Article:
Pope Francis gave an in-depth interview to the Spanish News service, 'El Pais'. One part of that interview focused on the new US president..
"But being afraid or rejoicing beforehand because of something that might happen is, in my view, quite unwise."
Q. Aren't you worried about the things we have heard up until now?
A. I'm waiting. God waited so long for me, with all my sins...
It marvels us that leftist news outlets completely mischaracterized the pope's sentiments about Trump; calling him some type of .Hitler'. The only reporter in the room wrote a very different news article.
The introduction of Hitler, in the pope's remarks, came in a different context. Here's what the pope said on that subject. He prefaces his remarks with the qualifier that he is no expert on the matter...
A. That is what they call populism. Which is an equivocal term, because, in Latin America, populism has another meaning. In Latin America, it means that the people —for instance, people's movements— are the protagonists. They are self-organized, it is something else. When I started to hear about populism in Europe I didn't know what to make of it, I got lost, until I realized that it had different meanings. Crises provoke fear, alarm. In my opinion, the most obvious example of European populism is Germany in 1933. After [Paul von] Hindenburg, after the crisis of 1930, Germany is broken, it needs to get up, to find its identity, a leader, someone capable of restoring its character, and there is a young man named Adolf Hitler who says: "I can, I can". And all Germans vote for Hitler. Hitler didn't steal the power, his people voted for him, and then he destroyed his people.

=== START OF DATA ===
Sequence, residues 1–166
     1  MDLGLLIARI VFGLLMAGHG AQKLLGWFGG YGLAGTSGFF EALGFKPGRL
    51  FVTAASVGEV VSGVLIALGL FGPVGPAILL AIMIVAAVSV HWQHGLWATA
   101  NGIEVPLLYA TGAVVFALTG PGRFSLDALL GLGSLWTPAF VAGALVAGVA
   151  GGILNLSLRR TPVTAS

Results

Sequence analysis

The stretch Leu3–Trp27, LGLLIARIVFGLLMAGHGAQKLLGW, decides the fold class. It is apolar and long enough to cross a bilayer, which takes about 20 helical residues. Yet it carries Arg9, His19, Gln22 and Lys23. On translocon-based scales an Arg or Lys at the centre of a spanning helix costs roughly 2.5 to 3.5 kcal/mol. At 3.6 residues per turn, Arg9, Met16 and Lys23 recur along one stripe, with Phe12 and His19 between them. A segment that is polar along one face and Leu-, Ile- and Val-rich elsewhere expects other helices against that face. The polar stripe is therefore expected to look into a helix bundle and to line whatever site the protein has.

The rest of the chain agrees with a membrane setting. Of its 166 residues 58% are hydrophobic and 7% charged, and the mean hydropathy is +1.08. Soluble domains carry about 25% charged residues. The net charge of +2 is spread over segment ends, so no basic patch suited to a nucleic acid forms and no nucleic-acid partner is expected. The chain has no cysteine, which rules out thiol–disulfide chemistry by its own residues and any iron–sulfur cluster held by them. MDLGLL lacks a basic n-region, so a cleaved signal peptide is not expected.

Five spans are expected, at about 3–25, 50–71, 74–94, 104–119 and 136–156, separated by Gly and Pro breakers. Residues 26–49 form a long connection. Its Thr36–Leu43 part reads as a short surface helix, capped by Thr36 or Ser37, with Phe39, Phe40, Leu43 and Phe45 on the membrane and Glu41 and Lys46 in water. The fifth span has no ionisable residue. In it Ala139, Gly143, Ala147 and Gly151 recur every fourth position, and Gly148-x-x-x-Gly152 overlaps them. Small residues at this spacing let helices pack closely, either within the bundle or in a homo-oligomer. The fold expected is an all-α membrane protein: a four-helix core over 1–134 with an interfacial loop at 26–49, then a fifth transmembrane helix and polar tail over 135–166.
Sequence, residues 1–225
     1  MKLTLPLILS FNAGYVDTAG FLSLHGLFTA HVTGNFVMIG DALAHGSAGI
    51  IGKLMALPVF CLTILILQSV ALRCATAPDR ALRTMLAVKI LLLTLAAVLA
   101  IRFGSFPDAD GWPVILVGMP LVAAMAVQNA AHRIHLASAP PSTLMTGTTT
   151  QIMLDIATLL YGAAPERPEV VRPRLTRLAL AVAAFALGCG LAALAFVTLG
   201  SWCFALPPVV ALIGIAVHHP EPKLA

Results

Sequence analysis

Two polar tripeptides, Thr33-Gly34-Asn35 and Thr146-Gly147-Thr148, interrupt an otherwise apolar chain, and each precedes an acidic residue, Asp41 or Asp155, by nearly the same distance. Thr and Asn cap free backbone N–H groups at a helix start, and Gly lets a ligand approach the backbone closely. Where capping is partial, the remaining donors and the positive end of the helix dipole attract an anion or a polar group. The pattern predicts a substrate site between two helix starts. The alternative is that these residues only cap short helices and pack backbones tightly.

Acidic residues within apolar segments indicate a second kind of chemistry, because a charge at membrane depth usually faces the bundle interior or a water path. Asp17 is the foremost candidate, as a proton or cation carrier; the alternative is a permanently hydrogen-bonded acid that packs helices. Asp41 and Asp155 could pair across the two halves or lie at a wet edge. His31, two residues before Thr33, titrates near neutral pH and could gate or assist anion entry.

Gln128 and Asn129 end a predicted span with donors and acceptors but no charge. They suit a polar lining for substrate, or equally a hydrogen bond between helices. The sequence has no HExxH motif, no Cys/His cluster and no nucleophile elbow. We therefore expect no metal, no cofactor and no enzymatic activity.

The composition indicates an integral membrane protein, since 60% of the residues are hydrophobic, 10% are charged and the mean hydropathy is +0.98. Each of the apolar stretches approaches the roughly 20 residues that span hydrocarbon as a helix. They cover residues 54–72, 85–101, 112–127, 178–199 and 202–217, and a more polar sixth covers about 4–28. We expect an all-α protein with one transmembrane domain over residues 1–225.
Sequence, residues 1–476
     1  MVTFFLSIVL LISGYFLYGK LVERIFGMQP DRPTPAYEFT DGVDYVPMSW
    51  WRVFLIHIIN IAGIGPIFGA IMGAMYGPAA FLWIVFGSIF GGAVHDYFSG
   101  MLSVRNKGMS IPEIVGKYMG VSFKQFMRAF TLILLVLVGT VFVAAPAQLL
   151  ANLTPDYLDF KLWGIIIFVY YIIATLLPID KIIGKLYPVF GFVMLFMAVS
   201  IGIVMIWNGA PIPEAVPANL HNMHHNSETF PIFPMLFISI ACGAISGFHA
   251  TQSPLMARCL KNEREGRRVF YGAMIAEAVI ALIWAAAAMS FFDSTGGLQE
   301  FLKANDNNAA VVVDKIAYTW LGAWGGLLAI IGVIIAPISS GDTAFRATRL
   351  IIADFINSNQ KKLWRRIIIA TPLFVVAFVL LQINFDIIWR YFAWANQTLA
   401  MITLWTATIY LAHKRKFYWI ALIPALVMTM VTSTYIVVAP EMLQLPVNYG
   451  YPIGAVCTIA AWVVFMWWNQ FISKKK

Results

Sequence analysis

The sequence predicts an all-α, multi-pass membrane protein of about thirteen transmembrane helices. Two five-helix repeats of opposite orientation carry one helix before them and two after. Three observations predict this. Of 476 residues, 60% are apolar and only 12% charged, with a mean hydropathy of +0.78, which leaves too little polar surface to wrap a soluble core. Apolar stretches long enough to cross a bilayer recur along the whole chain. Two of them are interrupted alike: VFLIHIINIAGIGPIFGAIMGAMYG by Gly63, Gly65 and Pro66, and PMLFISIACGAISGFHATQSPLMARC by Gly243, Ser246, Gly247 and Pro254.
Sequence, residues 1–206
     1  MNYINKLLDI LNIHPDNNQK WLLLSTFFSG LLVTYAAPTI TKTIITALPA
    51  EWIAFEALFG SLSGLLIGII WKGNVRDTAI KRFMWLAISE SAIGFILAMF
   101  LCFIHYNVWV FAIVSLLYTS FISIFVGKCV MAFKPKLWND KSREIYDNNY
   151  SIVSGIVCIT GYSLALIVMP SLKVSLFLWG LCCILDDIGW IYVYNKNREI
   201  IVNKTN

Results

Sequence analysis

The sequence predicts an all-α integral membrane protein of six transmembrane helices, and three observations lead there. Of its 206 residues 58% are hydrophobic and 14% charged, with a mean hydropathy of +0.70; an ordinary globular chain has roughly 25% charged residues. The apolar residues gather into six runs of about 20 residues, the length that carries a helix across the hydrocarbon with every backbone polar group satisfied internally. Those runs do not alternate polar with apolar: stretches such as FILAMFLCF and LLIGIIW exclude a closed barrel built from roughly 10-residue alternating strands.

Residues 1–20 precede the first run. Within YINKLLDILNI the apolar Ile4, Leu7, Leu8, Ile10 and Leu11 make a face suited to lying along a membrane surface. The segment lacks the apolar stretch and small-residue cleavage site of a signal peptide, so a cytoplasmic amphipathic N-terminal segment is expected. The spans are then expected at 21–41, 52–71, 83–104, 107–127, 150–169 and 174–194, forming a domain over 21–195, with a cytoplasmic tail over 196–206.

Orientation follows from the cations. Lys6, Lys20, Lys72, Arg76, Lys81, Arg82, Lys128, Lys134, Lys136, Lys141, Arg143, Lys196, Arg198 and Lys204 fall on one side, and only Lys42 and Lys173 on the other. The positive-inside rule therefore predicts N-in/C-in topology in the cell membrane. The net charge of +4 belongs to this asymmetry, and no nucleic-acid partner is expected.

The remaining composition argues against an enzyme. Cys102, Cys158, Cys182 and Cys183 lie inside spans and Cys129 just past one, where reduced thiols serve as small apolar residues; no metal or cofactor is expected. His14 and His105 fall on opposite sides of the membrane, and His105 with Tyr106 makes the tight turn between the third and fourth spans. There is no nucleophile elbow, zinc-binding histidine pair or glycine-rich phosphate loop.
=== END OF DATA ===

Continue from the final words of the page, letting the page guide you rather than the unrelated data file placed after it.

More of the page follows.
That is the risk. In times of crisis, we lack judgment, and that is a constant reference for me. Let's look for a savior who gives us back our identity and lets defend ourselves with walls, barbed-wire, whatever, from other peoples that may rob us of our identity. And that is a very serious thing. That is why I always try to say: talk among yourselves, talk to one another. But the case of Germany in 1933 is typical, a people that was immersed in a crisis, that looked for its identity until this charismatic leader came and promised to give their identity back, and he gave them a distorted identity, and we all know what happened. Where there is no conversation...
Can borders be controlled? Yes, each country has the right to control its borders, who comes and who goes, and those countries at risk —from terrorism or such things— have even more the right to control them more, but no country has the right to deprive its citizens of the possibility to talk with their neighbors.
Q. Do you see, Holy Father, any sign of that 1933 Germany in today's Europe?
A. I am no expert, but, with regard to today's Europe, I refer to the three speeches I have made. The two in Strasbourg and the third one on the occasion of the Charlemagne prize, the only award I have accepted because they insisted a lot due to the situation Europe was in, and I accepted it as a service. Those three speeches say what I think about Europe.